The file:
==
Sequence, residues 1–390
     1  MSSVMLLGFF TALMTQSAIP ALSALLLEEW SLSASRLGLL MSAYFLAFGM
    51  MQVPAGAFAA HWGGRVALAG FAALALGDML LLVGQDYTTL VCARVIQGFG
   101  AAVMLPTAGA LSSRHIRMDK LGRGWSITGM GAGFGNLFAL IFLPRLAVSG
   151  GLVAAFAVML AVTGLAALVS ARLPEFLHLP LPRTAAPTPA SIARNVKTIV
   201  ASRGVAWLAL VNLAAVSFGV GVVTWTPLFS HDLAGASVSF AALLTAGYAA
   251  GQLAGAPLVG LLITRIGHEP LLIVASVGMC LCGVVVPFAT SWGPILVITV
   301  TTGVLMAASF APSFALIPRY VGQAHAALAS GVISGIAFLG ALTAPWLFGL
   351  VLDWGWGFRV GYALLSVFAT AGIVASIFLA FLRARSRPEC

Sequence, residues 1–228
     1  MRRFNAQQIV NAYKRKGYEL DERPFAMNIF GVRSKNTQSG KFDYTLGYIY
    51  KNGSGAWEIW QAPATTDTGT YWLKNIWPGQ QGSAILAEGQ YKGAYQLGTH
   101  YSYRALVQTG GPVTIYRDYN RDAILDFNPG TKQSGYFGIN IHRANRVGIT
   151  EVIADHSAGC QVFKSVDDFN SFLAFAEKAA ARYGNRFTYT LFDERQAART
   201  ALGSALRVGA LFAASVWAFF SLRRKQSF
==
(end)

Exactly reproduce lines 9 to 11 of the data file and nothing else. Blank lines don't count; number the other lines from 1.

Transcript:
   351  VLDWGWGFRV GYALLSVFAT AGIVASIFLA FLRARSRPEC

Sequence, residues 1–228
     1  MRRFNAQQIV NAYKRKGYEL DERPFAMNIF GVRSKNTQSG KFDYTLGYIY